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33 Responses to September Bloom Day 2010

  1. gardeningasylum says:

    Frances, you make me want to seek out that bulbine – what a complicated, beautiful bloom! Good luck with your plans for even more…

    Hi Cyndy, thanks. I am hoping to be able to winter this over here, but if not, would mail order it. This is the most easy care, laugh in the face of heat and drought plant in the garden!

  2. Carol says:

    I love how nearly every plant has a story to go with it in your garden. Thanks for joining in for bloom day, and I do hope you someday catch that “holy grail” of a hummingbird in a tree.

    Hi Carol, thanks. I love bloom day and hope to always be able to join in, even if it was the only blog post done. While sitting in a tree would be wonderful, the shot of a hummer feeding on flowers growing here would be the supreme prize. It would take a lot of waiting with the camera on the tripod, something I am not good at, waiting that is. πŸ™‚

  3. Plantaliscious says:

    The Bulbine looks amazing, I love the fluff. Good luck with the over wintering. The ‘Dunk of Death’ sounds pretty serious! I also really liked the look of the Vernonia gigantea, enough to look it up, but apparently it prefers light soil, so I guess I will have to make do with your lovely photo 😦

    Hi Janet, thanks so much! The dunk of death is a necessity, unfortunately. Buggies like to get inside the orchid growing medium and then dine on the plants inside the greenhouse, which is a room in my house, not a freestanding gravel floor affair. That cannot be allowed. I do hope you come back to see my response, Vernonia grows very well in heavy clay, that is what our soil is composed of.

  4. “Shooting fish in a barrel”? I think not. I have yet to capture a shot of a hummer at the feeder. I always panic & scare it off. The bulbine flowers look like something a little girl would glue together with bits of feathered boa and construction paper. Very cool.

    Hi MMD, thanks. The Bulbine has been a treat, the flowers are numerous, the foliage carefree. Hope it can see next year here. The hummers will visit the feeder even with Kitty laying under it! I can sit on the deck a few feet away and be still enough to get a shot. If only I was better with the camera, like you, the shots would be much crisper. πŸ™‚

  5. Les says:

    Please don’t tell me they are changing the name of Sedum. It’s one of the few I can spell without having to look up. I am still waiting for my Golden Delicious to bloom. After a fast start, it spent weeks in recovery from when the substitute letter carrier stepped on it. Happy GBBD to you!

    Okay Les, I won’t tell you, but it has already happened! Arghhh! I am sending good thoughts for your Golden Delicious to fully recover and give you the gorgeous red flowers. Our cuttings, the one shown is the mother plant, look lush and healthy with nary a bud in sight. I keep trying to tell myself that we still have nearly two months, or more of growing season. Rain would be helpful in that. πŸ™‚

  6. Donna says:

    Now that is Fall color. The Ratibidia is an interesting flower. Looks like a seeder. Hope you get a’ plenty next year. I too would love to see more.

    Hi Donna, thanks for visiting. Fall is quickly approaching, a favorite time here when the asters and goldenrod, not to mention the muhly grass takes over the show along with the tree and shrub foliage changes. It has begun. πŸ™‚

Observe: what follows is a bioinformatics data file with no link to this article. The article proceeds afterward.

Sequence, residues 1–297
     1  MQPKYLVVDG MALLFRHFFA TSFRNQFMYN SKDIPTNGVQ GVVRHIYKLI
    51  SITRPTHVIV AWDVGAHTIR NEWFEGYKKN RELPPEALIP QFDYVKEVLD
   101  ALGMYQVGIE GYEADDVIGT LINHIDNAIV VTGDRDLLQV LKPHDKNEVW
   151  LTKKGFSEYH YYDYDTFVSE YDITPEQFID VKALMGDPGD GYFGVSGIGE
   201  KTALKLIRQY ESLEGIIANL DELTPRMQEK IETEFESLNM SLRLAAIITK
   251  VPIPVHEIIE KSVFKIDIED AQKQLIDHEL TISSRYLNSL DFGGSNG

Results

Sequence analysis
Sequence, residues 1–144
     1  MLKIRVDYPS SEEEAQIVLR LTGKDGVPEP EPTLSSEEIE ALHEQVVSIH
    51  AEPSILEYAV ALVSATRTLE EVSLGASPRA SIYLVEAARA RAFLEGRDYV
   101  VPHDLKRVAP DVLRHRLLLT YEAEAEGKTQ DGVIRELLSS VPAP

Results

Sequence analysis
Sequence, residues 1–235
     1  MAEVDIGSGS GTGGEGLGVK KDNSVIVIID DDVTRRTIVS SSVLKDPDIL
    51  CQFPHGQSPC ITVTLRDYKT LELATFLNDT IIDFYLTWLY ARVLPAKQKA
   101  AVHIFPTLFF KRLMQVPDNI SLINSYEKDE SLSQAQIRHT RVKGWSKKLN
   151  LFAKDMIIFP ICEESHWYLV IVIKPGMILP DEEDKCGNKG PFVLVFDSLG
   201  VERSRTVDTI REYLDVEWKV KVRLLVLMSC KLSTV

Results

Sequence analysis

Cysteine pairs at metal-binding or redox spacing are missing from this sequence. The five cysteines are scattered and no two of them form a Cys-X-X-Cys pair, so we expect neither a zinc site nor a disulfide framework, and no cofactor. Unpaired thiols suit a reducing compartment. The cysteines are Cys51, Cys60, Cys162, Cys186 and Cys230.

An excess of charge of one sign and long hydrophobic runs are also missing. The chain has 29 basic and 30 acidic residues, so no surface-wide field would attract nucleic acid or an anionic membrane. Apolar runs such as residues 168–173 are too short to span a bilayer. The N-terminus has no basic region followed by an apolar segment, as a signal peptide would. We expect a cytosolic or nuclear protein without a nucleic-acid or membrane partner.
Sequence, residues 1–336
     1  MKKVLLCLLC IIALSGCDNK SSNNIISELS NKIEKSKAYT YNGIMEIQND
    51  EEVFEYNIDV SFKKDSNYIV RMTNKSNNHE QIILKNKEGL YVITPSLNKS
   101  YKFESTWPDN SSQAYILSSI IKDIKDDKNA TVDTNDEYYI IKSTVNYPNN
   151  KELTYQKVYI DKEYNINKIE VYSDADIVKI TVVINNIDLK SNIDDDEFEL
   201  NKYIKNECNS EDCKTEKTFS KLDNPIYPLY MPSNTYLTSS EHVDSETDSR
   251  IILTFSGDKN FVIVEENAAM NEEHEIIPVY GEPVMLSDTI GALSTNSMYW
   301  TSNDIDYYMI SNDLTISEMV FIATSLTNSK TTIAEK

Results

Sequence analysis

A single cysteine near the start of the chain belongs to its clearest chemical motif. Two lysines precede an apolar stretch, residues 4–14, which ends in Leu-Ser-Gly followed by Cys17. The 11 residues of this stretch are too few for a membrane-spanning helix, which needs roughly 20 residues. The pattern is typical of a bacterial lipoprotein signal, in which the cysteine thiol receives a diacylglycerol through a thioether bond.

7. Gail says:

    Dear Frances, Coffee in hand, must not spill it! I love the bulbine~ That golden-orange and cobalt blue are so delicious together~That reminds me, Costco has cobalt blue containers! But, I digress! Phlox is still blooming here, too~I think the garden gods gifted us this late bloom because we needed it~It’s been a difficult time with no regular rainfall. I love gomphrena and your photo is divine~I have never been able to capture it so nicely. I think that you are getting closer and closer to capturing the HG! xxxgail

    Hi Gail, hope you didn’t spill that coffee! Thanks for visiting, I do hope the garden gods will look kindly on us soon. I am seeing distress in trees and shrubs now. It might be too late for some of them, sad to say. I appreciate your kind words. The photos are about as good as can be with a point and shoot on auto and my meager skills. The fun is in the chase! πŸ™‚

  8. lynn'sgarden says:

    Just beautiful, Frances! Good luck with those orchids…you can do it! πŸ™‚ Sedums are the only blooms now in my garden…I must add some mums soon! Have a wonderful day!

    Hi Lynn, thanks. I have had good success with the orchids, I hope the same can be said for the Bulbine! Do you have any asters in your garden? They are fine fall bloomers for any zone. You too have a wonderful day. πŸ™‚

  9. Eileen says:

    Great photos! I know that Knockout is everywhere, but I have them as a staple in my garden, just about every variety. They took a hit this summer with the earwigs and japanese beetles but seem to be bouncing back.


    Hi Eileen, thanks. You are so right about the Knockouts. They are lining every street here, but that’s okay. Why not grow something that is easy, available and beautiful? I am glad yours are making a comeback. They have done very well here, I even have one pruned as a tree rose, my favorite one. πŸ™‚

  10. Some great plants and color happening in your garden. My fave is the golden delicious salvia β€” new to me!

    Hi Linda, thanks so much. I love that Golden Delicious as well. I have never seen it for sale here, my son got it in Asheville, there they have very nice nurseries.

  11. commonweeder says:

    Winters are too harsh up on our hill for some of these beauties, but I agree that Knockout roses are a great addition – even here in the heights of Massachusetts. My camera doesn’t photograph them well, but they are thriving, in spite of the summer’s drought.